Mystery Marmot Tail Tale

October 09, 2020  •  Leave a Comment

In my last post, I discovered there is an entire research team dedicated to researching Yellow Bellied Marmots. Good thing, because I needed help solving a Marmot mystery that had even stumped the Marmot Whisperer, my most avid Marmot photography friend.

Behold!!!! 

Marmot or Raccoon?Marmot or Raccoon?Yellow Bellied Marmot



20200925-_K2A0521

What looks different to you from the other Marmots I shared this week? If the tail is what caught your attention, you got it, too!!! I'd never seen a Marmot with a ringed tail before; all the ones I'd seen before were solid color! This was a unique pattern and I had to know more. Was there some kind of star-crossed forbidden love story between a Marmot and Raccoon behind that ringed tail??? 

I sought the expertise of Dr. Dan Blumstein, who leads the team of researchers studying Yellow Bellied Marmots. I felt a little silly reaching out to a scientist because I thought he would certainly find my question utterly pedestrian, but I had to know what was up with the ringed tail. Dr. Blumstein was delightfully enthusiastic about my question as we exchanged Marmot stories and pics via email. I had only managed to capture two photos that showed this Marmot's tail, but with just that, Dr. Blumstein graciously answered my questions to the best of his knowledge.

Dr. Blumstein shared, "Looks like a natural artifact of moulting…getting a new coat of fur. Which they do in July/August where we are...sometimes we see stripes when the wind blows a bit but I too have never seen anything like this." Not only did Dr. Blumstein give me the much-needed answer I sought, but the fact that he had never seen anything like this made my day! I was sure he would have dozens of photos of Marmots with ringed tails, but it turns out, even to a Marmot researcher with years of field experience, this was unique!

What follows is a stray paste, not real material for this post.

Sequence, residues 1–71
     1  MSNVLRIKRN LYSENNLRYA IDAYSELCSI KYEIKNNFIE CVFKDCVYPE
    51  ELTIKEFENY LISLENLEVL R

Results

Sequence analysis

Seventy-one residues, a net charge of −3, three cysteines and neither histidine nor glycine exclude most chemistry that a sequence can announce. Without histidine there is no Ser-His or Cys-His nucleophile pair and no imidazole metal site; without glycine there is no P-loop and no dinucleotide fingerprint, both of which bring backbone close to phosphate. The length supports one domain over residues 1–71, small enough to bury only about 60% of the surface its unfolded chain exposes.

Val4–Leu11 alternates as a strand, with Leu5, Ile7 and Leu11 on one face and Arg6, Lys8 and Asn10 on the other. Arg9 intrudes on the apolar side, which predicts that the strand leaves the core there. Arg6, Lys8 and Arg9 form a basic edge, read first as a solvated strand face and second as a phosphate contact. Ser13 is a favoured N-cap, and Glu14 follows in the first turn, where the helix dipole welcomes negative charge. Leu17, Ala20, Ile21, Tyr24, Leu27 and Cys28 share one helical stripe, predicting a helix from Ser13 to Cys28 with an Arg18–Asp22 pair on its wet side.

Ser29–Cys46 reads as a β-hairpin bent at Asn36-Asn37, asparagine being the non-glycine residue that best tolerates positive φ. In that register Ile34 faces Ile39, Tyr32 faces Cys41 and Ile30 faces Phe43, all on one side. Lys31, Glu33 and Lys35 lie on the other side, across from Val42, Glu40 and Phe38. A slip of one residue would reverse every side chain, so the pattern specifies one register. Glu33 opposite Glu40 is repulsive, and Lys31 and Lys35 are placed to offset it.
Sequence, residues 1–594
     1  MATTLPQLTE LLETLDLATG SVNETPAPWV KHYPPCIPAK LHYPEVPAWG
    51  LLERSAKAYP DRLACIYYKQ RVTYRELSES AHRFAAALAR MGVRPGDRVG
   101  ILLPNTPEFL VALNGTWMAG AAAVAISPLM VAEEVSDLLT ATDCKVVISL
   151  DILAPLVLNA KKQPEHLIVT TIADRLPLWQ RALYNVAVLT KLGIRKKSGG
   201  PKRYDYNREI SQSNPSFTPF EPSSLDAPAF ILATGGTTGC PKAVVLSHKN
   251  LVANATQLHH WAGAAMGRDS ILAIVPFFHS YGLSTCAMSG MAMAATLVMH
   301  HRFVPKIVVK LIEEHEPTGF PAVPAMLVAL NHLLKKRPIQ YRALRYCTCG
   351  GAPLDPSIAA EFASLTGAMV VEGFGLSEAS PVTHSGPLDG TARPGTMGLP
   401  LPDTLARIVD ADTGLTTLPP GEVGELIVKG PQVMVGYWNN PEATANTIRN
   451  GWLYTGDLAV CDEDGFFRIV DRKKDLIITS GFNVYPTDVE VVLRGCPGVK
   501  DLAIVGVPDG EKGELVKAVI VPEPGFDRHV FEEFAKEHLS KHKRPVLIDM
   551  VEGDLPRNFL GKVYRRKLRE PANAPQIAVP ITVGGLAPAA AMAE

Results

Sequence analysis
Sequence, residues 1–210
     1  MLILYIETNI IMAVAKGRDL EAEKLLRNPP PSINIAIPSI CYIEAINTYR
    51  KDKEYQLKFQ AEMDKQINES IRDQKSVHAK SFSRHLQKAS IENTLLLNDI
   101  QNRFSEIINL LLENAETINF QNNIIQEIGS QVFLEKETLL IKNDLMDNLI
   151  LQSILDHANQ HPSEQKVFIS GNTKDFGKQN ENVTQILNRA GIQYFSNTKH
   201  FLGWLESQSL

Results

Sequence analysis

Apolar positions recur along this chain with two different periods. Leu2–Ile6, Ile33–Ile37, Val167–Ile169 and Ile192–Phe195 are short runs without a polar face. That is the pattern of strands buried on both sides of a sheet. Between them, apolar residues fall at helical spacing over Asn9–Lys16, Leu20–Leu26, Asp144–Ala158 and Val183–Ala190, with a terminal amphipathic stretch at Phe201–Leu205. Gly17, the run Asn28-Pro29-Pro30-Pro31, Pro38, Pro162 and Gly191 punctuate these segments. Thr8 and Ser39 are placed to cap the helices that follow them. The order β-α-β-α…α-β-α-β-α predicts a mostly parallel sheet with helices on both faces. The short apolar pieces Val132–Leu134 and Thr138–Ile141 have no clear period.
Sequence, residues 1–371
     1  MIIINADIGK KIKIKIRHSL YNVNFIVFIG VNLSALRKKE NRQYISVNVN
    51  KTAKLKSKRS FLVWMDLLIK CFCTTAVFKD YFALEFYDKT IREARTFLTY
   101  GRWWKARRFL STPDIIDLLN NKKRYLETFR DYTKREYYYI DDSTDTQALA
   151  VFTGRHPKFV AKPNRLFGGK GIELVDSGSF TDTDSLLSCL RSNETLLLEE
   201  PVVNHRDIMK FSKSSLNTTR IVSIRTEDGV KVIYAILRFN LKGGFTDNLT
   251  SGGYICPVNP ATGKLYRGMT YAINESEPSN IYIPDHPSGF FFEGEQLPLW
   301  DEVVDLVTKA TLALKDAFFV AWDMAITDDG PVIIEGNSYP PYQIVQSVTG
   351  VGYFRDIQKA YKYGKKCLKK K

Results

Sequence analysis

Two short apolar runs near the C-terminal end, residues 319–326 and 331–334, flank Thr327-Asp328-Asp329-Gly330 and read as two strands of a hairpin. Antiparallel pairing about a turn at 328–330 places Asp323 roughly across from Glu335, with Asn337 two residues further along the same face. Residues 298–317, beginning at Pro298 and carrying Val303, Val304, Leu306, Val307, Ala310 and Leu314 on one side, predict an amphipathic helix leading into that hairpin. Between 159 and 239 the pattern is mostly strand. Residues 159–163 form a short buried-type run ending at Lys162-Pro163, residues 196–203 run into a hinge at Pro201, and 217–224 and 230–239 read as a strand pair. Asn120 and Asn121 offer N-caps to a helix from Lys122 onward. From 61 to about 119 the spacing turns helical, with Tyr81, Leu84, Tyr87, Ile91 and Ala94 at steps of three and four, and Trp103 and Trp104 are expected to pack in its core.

In addition, he shared more knowledge with me about how to discern gender and age among Marmots, indicating this one was a healthy yearling female; he said the males' noses are more "robust". He also said he concluded this girl was a yearling because "Older animals look a little more 'worn'".

As I later perused the RMBL Marmot research team's instagram, I noticed another moulting Marmots, which helped further my understanding of how the ringed tail developed. Here's an example in this adorable video, during which you can see one of the Marmots has a striped back: 

I wonder, since moult happens in July/August and my photo was taken September 25th, whether this beautiful Marmot will retain her special tail for the rest of her life? Since she has already shed a coat of fur this year and grown in her Winter coat, it makes sense to me that she'll still have it next Spring when she awakens from hibernation and up until the next moult. I'll check in with her early next year and let you know! 

Photo recipe: 

Canon 5D Mark IV + 600 mm lens
ISO 1000
F 7.1
SS: 1/3200

 

Grateful appreciation to Dr. Blumstein and his research team. Also, thank goodness for science and scientists. :) Here's one more adorable photo from the Marmot Project researchers! 

 


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